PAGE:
Yogurt, sauerkraut, kefir, and miso contain probiotics that help support proper digestion and boost immune health. These foods contain active, live cultures that nourish the good gut flora that is needed for a healthy digestive system. Avoid high-sugar options by choosing unsweetened or plain varieties.
Unsweetened applesauce, either from the store or homemade, adds potassium, fiber, and other valuable vitamins to your diet. Flavor it up with cinnamon or by mixing in berries, and incorporate applesauce into your favorite baked recipes.
Easy to digest and packed with protein, eggs are a quick meal any time of day. Full of vitamins, protein, and antioxidants that help combat inflammation, eggs are a good addition to a UC diet. Whether hard boiled, scrambled, or over easy, eggs make for a nutrient-packed addition to your weekly meal plan.
When in search of low-fat protein options, look for lean meats such as pork loin, chicken, turkey, and sirloin. Read the package when selecting ground meat choices to ensure it is as lean as possible.
Easy on the stomach and packed with vitamins, bananas can help with digestion because they have a smooth consistency and light flavor. Bananas are often recommended following the stomach flu as part of the BRAT diet, as they can help calm digestive upset and inflammation.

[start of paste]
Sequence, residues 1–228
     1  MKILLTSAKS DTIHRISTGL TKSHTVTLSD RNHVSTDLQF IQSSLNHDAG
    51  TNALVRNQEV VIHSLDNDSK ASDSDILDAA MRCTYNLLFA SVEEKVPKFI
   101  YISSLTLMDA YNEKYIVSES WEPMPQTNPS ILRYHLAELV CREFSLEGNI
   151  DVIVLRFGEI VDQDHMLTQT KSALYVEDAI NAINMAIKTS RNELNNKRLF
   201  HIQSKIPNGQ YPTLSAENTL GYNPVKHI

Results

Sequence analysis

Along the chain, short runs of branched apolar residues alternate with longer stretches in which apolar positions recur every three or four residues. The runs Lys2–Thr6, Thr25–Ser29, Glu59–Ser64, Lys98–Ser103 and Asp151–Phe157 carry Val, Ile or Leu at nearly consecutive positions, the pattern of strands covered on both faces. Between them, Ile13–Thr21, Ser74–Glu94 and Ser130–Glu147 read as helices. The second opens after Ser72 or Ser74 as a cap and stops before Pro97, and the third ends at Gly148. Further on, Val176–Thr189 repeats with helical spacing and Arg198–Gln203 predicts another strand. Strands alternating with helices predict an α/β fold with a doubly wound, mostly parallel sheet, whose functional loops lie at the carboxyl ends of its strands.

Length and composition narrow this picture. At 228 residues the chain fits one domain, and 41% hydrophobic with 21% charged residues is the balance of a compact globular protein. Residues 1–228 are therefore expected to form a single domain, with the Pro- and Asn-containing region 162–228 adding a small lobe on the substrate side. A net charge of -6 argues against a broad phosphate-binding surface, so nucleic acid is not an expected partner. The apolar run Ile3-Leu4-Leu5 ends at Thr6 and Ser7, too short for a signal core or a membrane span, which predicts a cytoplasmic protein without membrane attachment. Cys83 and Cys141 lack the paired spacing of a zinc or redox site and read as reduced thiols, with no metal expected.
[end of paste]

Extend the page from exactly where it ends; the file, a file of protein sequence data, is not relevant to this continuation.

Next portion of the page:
Easy to digest, lower in fiber than whole grains like brown rice, and filling, white rice can be incorporated into your midday meal or dinner to help soothe UC symptoms. Follow the instructions on the box or bag for cooking softer rice.
Worst Foods for Ulcerative Colitis
When living with ulcerative colitis, you may find there are certain foods that cause your symptoms to instantly worsen. For instance, high-fiber options may be difficult to digest and cause more discomfort during a flare-up. Finding foods that are lower in fiber but still rich in other nutrients can help prevent irritation. Here are several foods you may want to avoid if you are living with UC.
Put that cork back in the wine bottle. Alcohol can cause the lining of your colon to become irritated, worsening inflammation and potentially leading to bleeding and bloating.
Stay away from sugar-free foodstuffs like sugar-free gum and candy. They're packed full of sugar alcohols like sorbitol and mannitol and can cause bloating, gas, and diarrhea.
Tea and Coffee
While you may want a morning cup of joe, coffee and tea contain stimulants that push food through the colon at a much quicker rate, irritating the colon lining and possibly worsening symptoms. It is best to stick to non-caffeinated herbal teas if willpower allows.
Soda and carbonated water can cause gas and inflame your stomach and intestines. Plus, the added caffeine, artificial sweeteners, and sugar can be cause your UC to flare up.